What are some practical examples of using MFI in trading?

Here are some practical examples of using MFI in trading on the MT4 platform:

Example 1: A buy signal on XAUUSD.

The chart below is that of gold (XAUUSD). The MFI printed a pink bar during the beginning phase of the US session, at a level where the price was retesting the low made during the London/European session. A pink MFI bar indicates a smaller price range on a higher volume.

All those factors point to a bullish reversal, and the price bar is already bullish. A buy at the close of that bar with a profit target (TP) at the London session high gave a good 1:3RR trade.

MFI trading example
MFI trading example

Example 2: A sell signal on XAUUSD:

The chart below shows a sell signal that appeared in the same XAUUSD when the price reached the London session high (a continuation of the price action in the chart of example 1). The price was sharply rejected at the London high, forming a shooting star candle pattern.

At the same time, the MFI printed a pink bar, which implies that the volume is increasing while the bullish bars are shrinking. When you put all the 3 factors (a shooting star, a resistance level, and a pink MFI bar) together, there’s a reasonably high probability that the price would drop.

So, a sell trade at that level would be a good decision. The profit target would be the day’s low, but as a day trader, you may exit just before the market close with over 1:2 RR profit.

Market Facilitation Index trading rules
Market Facilitation Index trading rules

How does MFI contribute to risk management in trading?

The MFI does not directly contribute to your risk management in trading because it neither tells you how much position size to use, nor which level to keep your stop-loss order.

However, you can use it to formulate a reasonable trading strategy, and with the data from your strategy backtesting, you can know the right amount to risk per trade, determine the appropriate position size per trade, and find the right level for your stop-loss order.

What timeframe is suitable for MFI analysis?

Any timeframe may be suitable for MFI analysis. It all depends on your trading style. If you’re a day trader, the hourly timeframe or M15 timeframe is fine. If you are a swing trader, you may use the H4 timeframe or the daily timeframe. If you are a position trader, the daily or weekly timeframe may be fine.

How can traders avoid false signals with MFI?

To avoid false signals with the MFI, traders have to use the indicator to create a reliable trading strategy with an edge and not try to trade with the indicator alone. It’s their robust trading strategy with the right data — win rate, risk-reward ratio, and positive expectancy — that would ensure they trade with an edge and avoid avoidable false signals.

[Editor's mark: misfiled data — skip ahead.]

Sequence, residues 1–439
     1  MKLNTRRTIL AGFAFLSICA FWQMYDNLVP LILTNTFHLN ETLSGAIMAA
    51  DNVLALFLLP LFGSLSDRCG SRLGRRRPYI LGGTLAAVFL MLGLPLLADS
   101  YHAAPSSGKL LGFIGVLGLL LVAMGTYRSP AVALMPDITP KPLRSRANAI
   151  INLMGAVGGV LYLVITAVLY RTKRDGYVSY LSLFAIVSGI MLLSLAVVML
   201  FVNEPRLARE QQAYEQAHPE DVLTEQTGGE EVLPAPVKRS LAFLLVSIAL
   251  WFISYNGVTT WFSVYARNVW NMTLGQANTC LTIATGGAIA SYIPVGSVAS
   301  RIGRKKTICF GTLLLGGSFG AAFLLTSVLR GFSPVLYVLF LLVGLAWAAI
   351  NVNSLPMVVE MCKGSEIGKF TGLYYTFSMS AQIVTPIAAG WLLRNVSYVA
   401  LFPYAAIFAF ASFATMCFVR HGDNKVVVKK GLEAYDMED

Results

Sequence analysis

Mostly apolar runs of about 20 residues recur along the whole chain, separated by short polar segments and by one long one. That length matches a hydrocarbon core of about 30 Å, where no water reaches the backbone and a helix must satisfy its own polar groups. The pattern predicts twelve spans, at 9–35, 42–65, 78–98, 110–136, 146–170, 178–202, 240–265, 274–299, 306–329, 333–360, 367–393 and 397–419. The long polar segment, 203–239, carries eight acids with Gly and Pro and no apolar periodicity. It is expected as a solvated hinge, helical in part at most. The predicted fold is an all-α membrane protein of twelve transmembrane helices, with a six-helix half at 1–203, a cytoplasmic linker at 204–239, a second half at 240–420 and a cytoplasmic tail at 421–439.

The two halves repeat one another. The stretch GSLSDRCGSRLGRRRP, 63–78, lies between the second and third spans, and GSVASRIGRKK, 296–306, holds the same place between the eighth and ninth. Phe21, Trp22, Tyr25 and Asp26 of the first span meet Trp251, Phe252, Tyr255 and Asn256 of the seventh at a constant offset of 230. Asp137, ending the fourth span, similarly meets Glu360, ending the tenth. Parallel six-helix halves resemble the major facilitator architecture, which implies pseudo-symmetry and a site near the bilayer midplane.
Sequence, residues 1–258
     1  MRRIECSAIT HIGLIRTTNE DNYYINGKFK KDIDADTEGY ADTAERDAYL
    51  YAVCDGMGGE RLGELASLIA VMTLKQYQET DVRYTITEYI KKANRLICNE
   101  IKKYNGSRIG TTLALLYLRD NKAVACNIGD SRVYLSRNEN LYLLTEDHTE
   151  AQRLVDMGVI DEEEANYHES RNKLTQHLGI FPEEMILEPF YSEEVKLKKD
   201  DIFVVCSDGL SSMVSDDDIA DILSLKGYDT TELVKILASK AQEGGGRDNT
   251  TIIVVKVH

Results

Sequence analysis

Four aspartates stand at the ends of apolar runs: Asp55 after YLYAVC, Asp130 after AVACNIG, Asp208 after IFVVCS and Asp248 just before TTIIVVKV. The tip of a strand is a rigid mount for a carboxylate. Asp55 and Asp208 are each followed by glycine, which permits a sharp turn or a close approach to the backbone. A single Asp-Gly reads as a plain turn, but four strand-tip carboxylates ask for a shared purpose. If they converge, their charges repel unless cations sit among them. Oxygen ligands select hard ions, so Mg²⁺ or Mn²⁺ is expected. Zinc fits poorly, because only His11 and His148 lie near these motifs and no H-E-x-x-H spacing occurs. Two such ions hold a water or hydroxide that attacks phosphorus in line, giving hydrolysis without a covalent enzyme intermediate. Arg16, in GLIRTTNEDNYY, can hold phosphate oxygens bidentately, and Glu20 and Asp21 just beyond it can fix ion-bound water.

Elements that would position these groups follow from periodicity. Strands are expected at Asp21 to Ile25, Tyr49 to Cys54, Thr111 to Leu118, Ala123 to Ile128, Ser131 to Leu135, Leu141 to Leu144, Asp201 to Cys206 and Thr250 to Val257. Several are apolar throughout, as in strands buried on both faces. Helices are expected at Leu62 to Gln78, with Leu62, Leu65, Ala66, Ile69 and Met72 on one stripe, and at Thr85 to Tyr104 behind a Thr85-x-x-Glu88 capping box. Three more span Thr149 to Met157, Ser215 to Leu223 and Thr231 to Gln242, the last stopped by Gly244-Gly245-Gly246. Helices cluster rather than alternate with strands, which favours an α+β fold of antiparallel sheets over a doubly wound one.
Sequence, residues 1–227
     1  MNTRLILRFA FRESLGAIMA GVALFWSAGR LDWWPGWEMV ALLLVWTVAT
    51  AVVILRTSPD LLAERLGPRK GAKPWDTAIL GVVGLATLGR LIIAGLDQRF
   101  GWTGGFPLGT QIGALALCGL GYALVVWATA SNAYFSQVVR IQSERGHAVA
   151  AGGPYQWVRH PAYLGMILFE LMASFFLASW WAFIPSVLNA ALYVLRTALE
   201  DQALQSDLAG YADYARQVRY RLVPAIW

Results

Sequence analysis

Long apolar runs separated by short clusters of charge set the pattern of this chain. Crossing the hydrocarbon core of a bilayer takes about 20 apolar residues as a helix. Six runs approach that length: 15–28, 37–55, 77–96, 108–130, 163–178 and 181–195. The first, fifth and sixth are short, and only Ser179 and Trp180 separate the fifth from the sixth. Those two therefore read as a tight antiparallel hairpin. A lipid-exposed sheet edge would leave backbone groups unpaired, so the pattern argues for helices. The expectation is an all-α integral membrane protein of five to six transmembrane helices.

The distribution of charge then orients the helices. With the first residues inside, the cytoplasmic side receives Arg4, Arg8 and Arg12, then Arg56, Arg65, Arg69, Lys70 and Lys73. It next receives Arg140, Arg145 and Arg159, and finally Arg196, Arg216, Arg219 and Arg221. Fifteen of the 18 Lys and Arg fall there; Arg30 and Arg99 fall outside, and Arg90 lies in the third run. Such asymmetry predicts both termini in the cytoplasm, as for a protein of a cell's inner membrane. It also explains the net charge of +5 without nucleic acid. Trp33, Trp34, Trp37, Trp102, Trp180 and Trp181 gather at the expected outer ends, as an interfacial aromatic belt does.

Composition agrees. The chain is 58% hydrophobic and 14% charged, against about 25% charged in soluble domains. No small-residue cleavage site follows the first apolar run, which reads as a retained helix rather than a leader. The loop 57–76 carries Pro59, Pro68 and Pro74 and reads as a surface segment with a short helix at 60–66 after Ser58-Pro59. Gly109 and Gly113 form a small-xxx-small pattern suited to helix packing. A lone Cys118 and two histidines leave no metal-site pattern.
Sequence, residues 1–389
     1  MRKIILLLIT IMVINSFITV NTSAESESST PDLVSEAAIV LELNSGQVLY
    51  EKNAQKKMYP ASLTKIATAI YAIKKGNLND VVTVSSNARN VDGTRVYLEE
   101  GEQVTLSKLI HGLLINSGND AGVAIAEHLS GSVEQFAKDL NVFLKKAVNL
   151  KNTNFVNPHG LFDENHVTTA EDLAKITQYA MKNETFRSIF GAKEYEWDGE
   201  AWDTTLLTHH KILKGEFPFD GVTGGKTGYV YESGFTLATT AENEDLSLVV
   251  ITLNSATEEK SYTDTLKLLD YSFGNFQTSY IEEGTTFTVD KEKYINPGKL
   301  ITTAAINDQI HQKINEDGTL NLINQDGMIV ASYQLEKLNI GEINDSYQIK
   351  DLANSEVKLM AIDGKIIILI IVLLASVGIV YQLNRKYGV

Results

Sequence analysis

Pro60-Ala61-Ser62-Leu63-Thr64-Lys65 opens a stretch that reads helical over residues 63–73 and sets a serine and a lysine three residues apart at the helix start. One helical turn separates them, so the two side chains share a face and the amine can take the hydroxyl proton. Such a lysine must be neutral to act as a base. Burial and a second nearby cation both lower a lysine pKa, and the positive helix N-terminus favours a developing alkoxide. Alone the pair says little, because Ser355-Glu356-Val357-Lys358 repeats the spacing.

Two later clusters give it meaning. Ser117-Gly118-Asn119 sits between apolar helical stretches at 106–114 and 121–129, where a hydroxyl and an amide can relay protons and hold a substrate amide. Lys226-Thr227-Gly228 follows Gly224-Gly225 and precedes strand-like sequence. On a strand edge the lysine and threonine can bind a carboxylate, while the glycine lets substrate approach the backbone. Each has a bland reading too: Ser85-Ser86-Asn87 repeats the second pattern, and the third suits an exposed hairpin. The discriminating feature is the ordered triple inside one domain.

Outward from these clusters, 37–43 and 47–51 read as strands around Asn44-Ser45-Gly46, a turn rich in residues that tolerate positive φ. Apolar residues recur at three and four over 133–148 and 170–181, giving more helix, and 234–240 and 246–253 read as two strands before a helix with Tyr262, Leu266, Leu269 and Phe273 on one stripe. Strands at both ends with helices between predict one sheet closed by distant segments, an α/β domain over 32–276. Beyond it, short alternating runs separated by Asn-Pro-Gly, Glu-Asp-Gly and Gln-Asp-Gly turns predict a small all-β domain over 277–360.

What are the key considerations when using MFI alongside other indicators?

The key considerations when using the MFI alongside other indicators include:

  • Whether the indicators complement one another
  • Whether the strategy created from the indicators has an edge
  • Whether the market condition is suitable for the strategy

How does MFI adapt to different market environments?

The MFI does not adapt to different market environments on its own. It’s your job as a trader to adapt the indicator to the market environment you’re trading. If the market is trending, you may be looking at the aspects of the indicator that validate the strength of the trend, like the green bars. If the market is ranging, you look for the aspects of the indicator that signal a potential reversal (like the pink bars) at the boundaries of the range market.

What are the historical origins of the Market Facilitation Index?

The market facilitation index was created by trader and author Dr. Bill Williams in the 1990s and was first featured in his book, ‘Trading Chaos’, which was published in 1995.

How has MFI evolved over time in trading practices?

The MFI has evolved over time in trading practices, just as traders have evolved. In the past, the market was easier to trade and trades mostly used indicators to find their trading edge. Today, traders don’t trade with one indicator alone and thus, must combine the MFI with other tools to find the right edge in the market.

What resources are available for further learning about MFI?

Some of the resources for further learning about MFI are Bill Williams’ book, Trading Chaos, and financial websites like therobusttrader.com and quantifiedstrategies.com.